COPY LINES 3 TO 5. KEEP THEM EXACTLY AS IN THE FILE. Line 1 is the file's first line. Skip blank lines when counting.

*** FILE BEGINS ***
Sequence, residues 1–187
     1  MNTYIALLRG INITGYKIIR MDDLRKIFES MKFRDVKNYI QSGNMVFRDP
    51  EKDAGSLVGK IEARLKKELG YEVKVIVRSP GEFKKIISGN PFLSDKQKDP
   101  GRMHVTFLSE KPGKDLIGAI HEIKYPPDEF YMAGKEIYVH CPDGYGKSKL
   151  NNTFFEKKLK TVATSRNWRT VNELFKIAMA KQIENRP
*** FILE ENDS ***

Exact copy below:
    51  EKDAGSLVGK IEARLKKELG YEVKVIVRSP GEFKKIISGN PFLSDKQKDP
   101  GRMHVTFLSE KPGKDLIGAI HEIKYPPDEF YMAGKEIYVH CPDGYGKSKL
   151  NNTFFEKKLK TVATSRNWRT VNELFKIAMA KQIENRP